How can you create machine control systems that are both safe and wireless? In this Ask the Expert video, FORT CTO and Certified Machine Safety Expert Nathan Bivans explains the concept of wireless machine safety and how wireless safety commands can be sent with the same level of reliability as wired solutions.
Introduction to Wireless Machine Safety
As automated machines become more mobile, wireless safety is becoming an important concern. We often hear from engineers wondering how a Wireless E-Stop, for example, can be both safety-rated and wireless.
Not only is wireless safety possible and in use today, it’s often preferable and easier for mobile machine systems. In large facilities or outdoor applications, long runs of wire can be cumbersome, expensive, and require extensive and ongoing maintenance. Eliminating wires can not only eliminate a lot of hassle, it can enhance safety for mobile machinery, and maximize efficiency for a number of machine applications.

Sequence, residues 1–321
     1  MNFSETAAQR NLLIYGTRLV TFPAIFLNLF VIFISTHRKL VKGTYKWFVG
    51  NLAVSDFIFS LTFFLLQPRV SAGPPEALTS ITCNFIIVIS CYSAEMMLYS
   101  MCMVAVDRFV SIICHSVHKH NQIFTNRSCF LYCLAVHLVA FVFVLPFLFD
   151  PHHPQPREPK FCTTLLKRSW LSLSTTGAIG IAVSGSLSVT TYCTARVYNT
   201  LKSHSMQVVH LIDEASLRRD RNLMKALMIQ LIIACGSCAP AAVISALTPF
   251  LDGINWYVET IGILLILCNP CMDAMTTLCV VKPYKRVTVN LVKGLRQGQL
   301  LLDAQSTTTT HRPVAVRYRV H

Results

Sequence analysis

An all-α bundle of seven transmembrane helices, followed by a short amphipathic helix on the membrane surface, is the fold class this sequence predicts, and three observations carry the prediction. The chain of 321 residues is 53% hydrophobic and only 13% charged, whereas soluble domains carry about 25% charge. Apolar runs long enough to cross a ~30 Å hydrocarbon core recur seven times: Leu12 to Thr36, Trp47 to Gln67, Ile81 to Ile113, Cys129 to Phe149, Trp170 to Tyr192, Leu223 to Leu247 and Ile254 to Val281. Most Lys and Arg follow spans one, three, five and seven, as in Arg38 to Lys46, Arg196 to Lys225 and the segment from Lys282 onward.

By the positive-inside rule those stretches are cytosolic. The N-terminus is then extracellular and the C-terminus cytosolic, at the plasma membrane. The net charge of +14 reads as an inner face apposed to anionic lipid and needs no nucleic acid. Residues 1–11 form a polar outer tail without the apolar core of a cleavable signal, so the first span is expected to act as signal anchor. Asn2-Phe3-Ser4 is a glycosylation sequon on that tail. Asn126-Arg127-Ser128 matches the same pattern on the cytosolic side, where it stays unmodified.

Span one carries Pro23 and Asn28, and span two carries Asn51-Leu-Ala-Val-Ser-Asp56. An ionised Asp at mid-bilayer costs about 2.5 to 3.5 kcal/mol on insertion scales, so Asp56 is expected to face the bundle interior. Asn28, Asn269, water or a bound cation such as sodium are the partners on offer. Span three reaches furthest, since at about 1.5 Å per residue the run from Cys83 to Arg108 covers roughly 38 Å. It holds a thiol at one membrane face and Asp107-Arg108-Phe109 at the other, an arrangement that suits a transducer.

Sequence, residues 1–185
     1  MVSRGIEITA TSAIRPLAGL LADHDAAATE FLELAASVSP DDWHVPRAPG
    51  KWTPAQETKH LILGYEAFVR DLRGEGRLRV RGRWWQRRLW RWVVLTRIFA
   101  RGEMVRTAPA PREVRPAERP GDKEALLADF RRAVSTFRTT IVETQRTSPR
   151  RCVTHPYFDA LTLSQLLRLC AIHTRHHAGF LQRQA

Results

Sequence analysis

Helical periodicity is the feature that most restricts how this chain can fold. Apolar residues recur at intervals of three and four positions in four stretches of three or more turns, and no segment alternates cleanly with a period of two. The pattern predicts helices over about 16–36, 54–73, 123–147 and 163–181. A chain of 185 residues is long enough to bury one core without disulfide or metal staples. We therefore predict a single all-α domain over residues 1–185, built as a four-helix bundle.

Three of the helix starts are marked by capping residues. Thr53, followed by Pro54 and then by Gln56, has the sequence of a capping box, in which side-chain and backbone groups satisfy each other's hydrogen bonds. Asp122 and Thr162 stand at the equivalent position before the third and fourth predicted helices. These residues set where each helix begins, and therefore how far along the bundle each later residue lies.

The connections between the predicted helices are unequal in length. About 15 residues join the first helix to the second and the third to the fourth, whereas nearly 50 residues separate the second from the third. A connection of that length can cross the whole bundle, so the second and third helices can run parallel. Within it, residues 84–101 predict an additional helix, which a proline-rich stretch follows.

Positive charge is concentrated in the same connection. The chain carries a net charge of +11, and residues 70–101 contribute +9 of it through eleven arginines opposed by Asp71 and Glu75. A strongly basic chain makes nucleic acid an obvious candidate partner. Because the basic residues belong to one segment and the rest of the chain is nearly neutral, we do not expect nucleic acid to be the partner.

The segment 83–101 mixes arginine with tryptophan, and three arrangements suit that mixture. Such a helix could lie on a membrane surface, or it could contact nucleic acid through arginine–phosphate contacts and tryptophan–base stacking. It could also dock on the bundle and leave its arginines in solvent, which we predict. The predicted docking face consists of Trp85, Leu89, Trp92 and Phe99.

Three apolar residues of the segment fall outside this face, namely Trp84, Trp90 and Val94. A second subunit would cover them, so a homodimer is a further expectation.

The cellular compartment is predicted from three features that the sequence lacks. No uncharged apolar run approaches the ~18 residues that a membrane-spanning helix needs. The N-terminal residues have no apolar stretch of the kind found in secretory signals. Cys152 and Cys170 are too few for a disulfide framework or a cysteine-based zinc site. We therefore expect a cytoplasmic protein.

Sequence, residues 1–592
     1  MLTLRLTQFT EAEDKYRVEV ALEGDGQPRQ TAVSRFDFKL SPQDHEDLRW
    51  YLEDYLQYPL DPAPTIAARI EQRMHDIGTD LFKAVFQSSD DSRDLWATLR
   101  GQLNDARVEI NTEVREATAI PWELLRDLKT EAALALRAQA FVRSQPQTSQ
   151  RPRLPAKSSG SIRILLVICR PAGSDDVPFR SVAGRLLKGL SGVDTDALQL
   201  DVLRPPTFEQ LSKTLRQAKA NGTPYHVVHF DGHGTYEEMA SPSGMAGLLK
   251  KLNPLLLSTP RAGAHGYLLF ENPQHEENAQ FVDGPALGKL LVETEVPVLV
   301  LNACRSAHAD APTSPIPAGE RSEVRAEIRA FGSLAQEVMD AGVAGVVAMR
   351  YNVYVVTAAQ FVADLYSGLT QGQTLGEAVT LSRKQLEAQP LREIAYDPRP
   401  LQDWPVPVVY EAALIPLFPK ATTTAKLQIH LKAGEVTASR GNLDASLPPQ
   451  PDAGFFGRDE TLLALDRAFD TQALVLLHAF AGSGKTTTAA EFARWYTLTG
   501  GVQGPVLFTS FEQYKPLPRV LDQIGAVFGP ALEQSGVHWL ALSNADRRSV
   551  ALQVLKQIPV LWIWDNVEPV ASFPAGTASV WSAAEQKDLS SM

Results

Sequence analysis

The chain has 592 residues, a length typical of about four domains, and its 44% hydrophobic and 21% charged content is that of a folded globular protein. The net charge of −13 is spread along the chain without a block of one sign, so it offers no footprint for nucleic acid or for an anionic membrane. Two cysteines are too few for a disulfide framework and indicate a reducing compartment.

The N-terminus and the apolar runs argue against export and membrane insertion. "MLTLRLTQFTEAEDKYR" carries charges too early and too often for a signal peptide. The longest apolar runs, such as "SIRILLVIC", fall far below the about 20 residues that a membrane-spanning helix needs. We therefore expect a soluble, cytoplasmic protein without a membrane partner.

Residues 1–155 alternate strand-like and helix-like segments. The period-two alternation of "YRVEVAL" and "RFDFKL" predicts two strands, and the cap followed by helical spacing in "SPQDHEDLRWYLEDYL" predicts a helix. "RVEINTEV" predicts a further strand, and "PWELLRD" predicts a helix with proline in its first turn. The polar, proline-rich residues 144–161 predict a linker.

Here's what Nathan Bivans has to say about how wireless machine safety works and why it's useful for machine developers, managers, and operators.
How Does Wireless Machine Safety Work?
Wireless safety is admittedly a very new concept. But it really uses the same kinds of techniques that existing safety solutions use today.
The difference is that we’ve had to embed more intelligence in each end. This means multiple processors and a lot of redundancy, and parallel communications to enable the same levels of safety you’d get for, let’s say a traditional e-stop button.
We can achieve the same thing over wireless just by putting more intelligence, more software and more hardware at each end. This gets the same kind of performance you get over a wire, but over wireless.
This obviously enables a whole new set of applications where it's just not practical to either pull a wire around, or have to run to a fixed location on a wall, or run up to the back of a robot and try to stop it if that’s the thing that’s dangerous.
One of the big advantages of having this intelligence at each end and not relying on the characteristics of the network itself is that we can use our safety technology over virtually any network: wired, ISM radio, ethernet, Serial buses, CAN buses, Bluetooth, Wi-Fi, LTE, and cellular. We’ve demonstrated all kinds of applications, which enable you to extend the safety network in ways that just have never been possible before.
For more information, or to learn how wireless machine safety can benefit your operation, schedule a consultation with a FORT wireless specialist.